The preferred group of anionically polymerizable monomers used in the instant invention include 1,3-butadiene, 2,3-dimethyl-1,3-butadiene, piperylene, 3-butyl-1,3-octadiene, isoprene, and 2-phenyl-1,3-butadiene. The preferred group of monoalkenyl arenes include styrene, the methylstyrenes, the propylstyrenes, vinylnaphthalene, cyclohexylstyrenes, p-tolystyrene, and 1-vinyl-5-hexylnaphthalene.
The initiation system for the present invention may be any known mono- or difunctional initiators. In the context of the present invention those skilled in the art will appreciate that the initiators used broadly include organometallic compounds of the formula R−M+, wherein R− is an anionic alkyl or arenyl moiety, and M+ is metal cation such as Li+, Na+, or K+.
Preferred monofunctional initiators include, methylithium, isopropylithium, n-hexylithium, m-octyllithium, naphthyllithium, t-octylilithium, n-dodecyllithium, n-eicosyllithium, phenyllithium, p-tolyllithium, 4-phenylbutyllithium, cyclohexyllithium, sec-butyllithium, n-butyllithium, alpha-methylstyryllithium, 1,1-diphenylhexyllithium, diphenylmethyllithium or -sodium or -potassium and 1,1-diphenyl-3-methylphenyllithium, dimethyllithium amide, diethyl lithium amide, and the like.
The preferred difunctional initiator is 1,1,4,4-tetraphenyl-1,4-dilithiobutane. A most preferred initiator comprises the addition product of any one of the alkyllithium compounds recited above with either compound I or compound II. This most preferred initiator can be formed by adding compound I, or compound II, or mixtures of compound I and compound II to any of the aforementioned alkyllithium compounds.
The amount of initiator used depends upon the desired molecular weight of the polymer to be formed. Normally the initiator is used in the range of about 0.1 to about 100 millimoles per 100 grams of total monomers.
The polymerization reaction is carried out in the presence of an aprotic solvent. Preferably the solvent is a paraffinic, cycloparaffinic or aromatic hydrocarbon having 4 to 10 carbon atoms or a mixture of such solvents. Examples of such solvents are n-hexane, n-heptane, 2,2,4-trimethylpentane, cyclohexane, benzene and toluene. Tetrahydrofuran may also be preferably used as the polymerization solvent.
The first step of the polymerization process forms a living anionic polymer. This first step is carried out by reacting the metal initiator system described above, i.e. R—Li, in the solvent system described above, with the first respective monomer or monomers to form the first living polymer chain.
This first polymerization can be carried out in a single step or in a sequence of steps. In the case where the first living polymer chain is a homopolymer or a random or tapered copolymer of two or more monomers, the monomers are simultaneously polymerized with the metal initiator. In the case where the first living polymer chain is a block copolymer comprising two or more homo- or copolymer blocks, these individual blocks can be generated by incremental or sequential monomer addition.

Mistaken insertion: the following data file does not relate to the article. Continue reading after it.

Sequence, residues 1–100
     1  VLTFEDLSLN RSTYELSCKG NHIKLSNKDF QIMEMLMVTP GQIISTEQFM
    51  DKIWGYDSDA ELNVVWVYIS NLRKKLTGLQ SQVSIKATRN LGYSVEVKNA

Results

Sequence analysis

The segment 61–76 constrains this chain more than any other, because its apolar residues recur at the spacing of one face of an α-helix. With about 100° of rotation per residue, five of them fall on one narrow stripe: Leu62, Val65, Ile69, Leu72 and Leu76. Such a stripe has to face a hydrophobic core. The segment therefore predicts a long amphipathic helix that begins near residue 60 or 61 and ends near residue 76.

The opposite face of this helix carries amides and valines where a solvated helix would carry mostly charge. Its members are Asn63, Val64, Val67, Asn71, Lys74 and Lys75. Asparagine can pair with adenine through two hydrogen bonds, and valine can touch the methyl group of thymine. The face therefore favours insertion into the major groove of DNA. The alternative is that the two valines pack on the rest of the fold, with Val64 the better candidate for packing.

The polymerization can be carried out over a range of solids levels, preferably from about 5 weight percent to about 80 weight percent polymer, most preferable from about 10 weight percent to about 40 weight percent. For high solids polymerization, it is preferable to add the monomer in increments to avoid exceeding the desired reaction temperature.
The polymerization reaction usually occurs within a period of time ranging from about a few minutes up to about 6 hours. Preferably, the reaction is carried out within a time period of about 10 minutes to about 2 hours. The polymerization temperature is not critical and will generally be in a range of about 40° C. to about 150° C., preferably in a range of about 40° C. to about 90° C.
At the conclusion of the first polymerization reaction, a living polymer having structure III is formed:
The molecular weight of living polymer III can vary widely between about 500 to about 200,000, most preferably between about 1000 and about 100,000.
Living polymer III is then reacted with an approximately equimolar, or stoichiometric amount, of compound I or compound II to form living polymer IV:
wherein FM represents the added single functional monomer unit corresponding to either compound I or compound II, and R is described above.
The reaction of ortho-substituted styrene compounds, wherein the ortho substituents include hetero atoms including oxygen, nitrogen, and sulfur, with organolithium compounds followed by electrophilic trapping is reported by Xudong Wei and Richard Taylor in Tetrahedron: Asymmetry 8(5), 665-668 (1997), incorporated herein by reference. Wei and Taylor report the addition product of butyllithium to such ortho-substituted styrenes, after carboxylation, gives a range of 2-phenylheptanoic acids with enantiomeric excesses up to 72%.